Digital media has emboldened many brands to consider themselves publishers. After all, American Express has credibility on financial matters and Coke has a network 36 million Facebook fans. Who needs publishers to serve as intermediaries?
The problem is publishing is a lot harder than it looks, or rather it’s a lot harder to do it with the consistency, day after day, that’s needed to build a long-term audience. That’s leading some brands to hook onto the idea that their role lies more in the curation of content.
Curation is the vogue digital term for the ability to not only aggregate and distribute carefully selected information, but also to provide a unique voice on top of the original pieces of information. In the age of Twitter and Facebook, it seems like all the world is curators now. Brands want in on the action.
Brands are trying to establish themselves as trusted sources of information. Hop onto Facebook, Twitter or Tumblr, and you’ll see brands that gather up articles from all sorts of publications and push them out to their followers. For example, look at IBM’s Tumblr, A Smarter Planet, which is a stream of curated content focused on areas of Big Blue’s core competencies. Or there’s American Express’ Open Forum Tumblr (yes, Tumblr is apparently a good platform for curation) that has cultivated a business community online by providing relevant tools and information to help business owners succeed.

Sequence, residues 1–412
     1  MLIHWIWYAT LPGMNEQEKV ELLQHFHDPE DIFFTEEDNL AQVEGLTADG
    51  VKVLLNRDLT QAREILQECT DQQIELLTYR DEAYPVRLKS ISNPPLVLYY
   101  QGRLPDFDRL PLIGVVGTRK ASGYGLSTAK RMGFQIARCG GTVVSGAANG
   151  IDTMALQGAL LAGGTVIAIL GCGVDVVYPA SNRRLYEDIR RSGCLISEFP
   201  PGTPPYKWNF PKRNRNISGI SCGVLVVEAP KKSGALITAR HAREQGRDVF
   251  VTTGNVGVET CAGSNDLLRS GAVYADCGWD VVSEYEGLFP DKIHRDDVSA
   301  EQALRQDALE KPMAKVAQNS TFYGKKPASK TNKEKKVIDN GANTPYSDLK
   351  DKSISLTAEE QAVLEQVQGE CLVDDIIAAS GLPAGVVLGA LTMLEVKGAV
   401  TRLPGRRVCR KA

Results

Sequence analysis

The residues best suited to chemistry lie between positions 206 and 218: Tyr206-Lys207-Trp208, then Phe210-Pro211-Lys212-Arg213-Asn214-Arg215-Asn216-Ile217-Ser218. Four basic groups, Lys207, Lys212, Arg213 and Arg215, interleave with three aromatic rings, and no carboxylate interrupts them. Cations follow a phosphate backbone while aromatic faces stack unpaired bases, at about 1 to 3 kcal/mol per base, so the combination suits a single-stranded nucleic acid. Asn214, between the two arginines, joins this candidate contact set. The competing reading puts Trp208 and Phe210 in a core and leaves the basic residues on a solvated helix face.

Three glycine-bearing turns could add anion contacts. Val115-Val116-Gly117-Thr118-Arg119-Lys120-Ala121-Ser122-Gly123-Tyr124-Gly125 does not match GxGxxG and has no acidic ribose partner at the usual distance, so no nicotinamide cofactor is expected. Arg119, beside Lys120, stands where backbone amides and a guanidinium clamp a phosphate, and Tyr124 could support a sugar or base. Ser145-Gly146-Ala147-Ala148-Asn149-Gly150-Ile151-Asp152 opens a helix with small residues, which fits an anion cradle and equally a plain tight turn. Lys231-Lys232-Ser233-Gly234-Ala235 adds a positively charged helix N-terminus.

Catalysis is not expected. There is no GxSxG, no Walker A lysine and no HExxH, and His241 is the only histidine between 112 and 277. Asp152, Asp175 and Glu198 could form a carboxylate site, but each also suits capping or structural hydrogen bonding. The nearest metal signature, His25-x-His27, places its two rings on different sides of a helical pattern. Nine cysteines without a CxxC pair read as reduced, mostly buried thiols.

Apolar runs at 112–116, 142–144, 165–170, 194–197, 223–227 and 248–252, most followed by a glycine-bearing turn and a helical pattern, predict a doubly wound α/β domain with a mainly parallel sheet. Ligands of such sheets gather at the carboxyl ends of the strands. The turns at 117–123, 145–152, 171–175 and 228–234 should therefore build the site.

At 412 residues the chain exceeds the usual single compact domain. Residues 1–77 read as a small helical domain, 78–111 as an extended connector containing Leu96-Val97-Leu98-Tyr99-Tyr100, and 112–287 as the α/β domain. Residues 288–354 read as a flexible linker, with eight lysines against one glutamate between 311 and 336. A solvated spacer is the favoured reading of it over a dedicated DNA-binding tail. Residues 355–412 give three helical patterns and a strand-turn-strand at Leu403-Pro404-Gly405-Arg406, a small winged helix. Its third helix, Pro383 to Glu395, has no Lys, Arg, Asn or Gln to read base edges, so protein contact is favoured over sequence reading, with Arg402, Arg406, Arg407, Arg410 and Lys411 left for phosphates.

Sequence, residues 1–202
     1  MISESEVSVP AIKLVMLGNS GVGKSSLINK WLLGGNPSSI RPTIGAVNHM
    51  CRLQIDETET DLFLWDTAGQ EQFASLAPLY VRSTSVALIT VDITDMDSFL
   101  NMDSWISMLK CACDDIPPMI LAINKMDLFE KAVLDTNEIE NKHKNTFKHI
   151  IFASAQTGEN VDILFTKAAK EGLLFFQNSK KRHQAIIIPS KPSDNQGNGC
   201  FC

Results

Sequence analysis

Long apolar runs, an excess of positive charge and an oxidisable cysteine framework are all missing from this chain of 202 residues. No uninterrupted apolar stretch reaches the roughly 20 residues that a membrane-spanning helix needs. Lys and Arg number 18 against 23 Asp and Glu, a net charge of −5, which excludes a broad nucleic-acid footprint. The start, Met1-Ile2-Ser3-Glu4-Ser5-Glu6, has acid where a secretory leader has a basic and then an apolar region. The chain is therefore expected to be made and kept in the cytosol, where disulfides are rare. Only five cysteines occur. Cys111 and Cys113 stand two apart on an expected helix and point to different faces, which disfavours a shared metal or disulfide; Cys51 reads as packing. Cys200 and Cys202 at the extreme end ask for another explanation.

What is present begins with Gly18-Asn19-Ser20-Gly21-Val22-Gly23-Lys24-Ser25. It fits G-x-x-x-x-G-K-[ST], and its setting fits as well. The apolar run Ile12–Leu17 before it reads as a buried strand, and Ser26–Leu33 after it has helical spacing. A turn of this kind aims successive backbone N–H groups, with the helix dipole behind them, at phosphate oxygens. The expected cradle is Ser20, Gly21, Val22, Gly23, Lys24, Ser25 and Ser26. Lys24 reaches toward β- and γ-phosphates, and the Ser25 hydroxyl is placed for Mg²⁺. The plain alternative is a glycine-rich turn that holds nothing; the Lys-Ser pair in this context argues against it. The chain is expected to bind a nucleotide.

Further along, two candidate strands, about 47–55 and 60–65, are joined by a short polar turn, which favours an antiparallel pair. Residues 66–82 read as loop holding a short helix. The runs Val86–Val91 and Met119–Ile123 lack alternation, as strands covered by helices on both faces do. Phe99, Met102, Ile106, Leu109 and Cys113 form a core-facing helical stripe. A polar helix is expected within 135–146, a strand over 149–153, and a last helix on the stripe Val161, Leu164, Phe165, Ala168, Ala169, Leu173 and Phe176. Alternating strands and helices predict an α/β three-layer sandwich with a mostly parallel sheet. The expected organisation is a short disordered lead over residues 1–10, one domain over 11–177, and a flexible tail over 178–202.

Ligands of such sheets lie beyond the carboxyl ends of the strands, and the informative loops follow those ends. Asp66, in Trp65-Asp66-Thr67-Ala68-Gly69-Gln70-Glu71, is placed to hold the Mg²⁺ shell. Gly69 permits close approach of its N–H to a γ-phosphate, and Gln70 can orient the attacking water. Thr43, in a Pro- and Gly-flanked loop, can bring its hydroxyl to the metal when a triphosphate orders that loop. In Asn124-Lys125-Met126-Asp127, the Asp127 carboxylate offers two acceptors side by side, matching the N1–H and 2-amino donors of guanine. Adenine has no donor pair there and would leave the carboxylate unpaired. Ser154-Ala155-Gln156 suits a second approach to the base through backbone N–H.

“If a brand is an expert in a certain topic, their reputation might make them a credible source of information,” said Neil Chase, svp of editing and publishing at Federated Media. “But if a company that makes toasters gives health advice, they might not be credible. If they’re sending out recipes, that’s a reason to trust them.”
Via Heiko Idensen